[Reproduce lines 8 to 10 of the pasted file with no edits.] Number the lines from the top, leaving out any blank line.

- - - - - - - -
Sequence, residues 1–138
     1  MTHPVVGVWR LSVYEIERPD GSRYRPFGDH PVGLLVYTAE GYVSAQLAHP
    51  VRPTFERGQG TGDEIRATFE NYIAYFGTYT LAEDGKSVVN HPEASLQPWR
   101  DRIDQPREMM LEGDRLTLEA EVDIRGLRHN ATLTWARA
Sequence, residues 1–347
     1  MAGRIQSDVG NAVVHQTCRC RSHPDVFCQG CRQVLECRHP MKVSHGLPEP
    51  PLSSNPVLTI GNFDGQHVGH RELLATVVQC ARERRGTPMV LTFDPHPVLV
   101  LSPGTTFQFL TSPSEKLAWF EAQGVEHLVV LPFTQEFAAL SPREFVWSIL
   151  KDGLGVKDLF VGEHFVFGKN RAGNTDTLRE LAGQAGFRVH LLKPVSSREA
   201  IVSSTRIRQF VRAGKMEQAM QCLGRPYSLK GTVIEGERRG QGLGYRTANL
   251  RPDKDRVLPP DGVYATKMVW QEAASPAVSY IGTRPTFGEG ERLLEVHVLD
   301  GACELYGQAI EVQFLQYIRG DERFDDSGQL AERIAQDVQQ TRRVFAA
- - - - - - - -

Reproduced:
   101  LSPGTTFQFL TSPSEKLAWF EAQGVEHLVV LPFTQEFAAL SPREFVWSIL
   151  KDGLGVKDLF VGEHFVFGKN RAGNTDTLRE LAGQAGFRVH LLKPVSSREA
   201  IVSSTRIRQF VRAGKMEQAM QCLGRPYSLK GTVIEGERRG QGLGYRTANL